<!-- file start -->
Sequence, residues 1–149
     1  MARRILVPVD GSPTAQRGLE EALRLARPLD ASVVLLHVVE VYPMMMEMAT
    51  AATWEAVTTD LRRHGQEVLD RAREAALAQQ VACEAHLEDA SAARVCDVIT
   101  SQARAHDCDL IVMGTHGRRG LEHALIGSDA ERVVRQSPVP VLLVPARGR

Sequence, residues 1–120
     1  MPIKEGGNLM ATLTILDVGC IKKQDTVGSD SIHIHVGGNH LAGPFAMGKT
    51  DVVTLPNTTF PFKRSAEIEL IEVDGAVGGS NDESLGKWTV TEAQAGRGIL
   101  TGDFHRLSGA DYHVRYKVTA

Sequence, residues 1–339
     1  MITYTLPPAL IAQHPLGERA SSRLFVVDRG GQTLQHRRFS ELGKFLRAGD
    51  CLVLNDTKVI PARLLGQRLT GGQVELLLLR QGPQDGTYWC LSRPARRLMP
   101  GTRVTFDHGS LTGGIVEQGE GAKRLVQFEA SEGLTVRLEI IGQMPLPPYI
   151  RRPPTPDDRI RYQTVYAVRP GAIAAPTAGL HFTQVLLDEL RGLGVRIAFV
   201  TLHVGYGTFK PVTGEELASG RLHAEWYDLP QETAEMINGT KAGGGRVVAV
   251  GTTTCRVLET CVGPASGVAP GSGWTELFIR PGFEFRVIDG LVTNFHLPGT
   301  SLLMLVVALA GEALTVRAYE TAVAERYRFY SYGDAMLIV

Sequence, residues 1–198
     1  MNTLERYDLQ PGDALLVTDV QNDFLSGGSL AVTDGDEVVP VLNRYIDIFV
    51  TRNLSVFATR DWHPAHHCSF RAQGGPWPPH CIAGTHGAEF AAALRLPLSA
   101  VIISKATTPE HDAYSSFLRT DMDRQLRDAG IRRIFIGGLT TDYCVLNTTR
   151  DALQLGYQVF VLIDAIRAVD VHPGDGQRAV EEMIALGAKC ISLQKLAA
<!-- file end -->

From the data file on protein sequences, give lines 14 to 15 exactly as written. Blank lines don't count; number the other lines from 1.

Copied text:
   201  TLHVGYGTFK PVTGEELASG RLHAEWYDLP QETAEMINGT KAGGGRVVAV
   251  GTTTCRVLET CVGPASGVAP GSGWTELFIR PGFEFRVIDG LVTNFHLPGT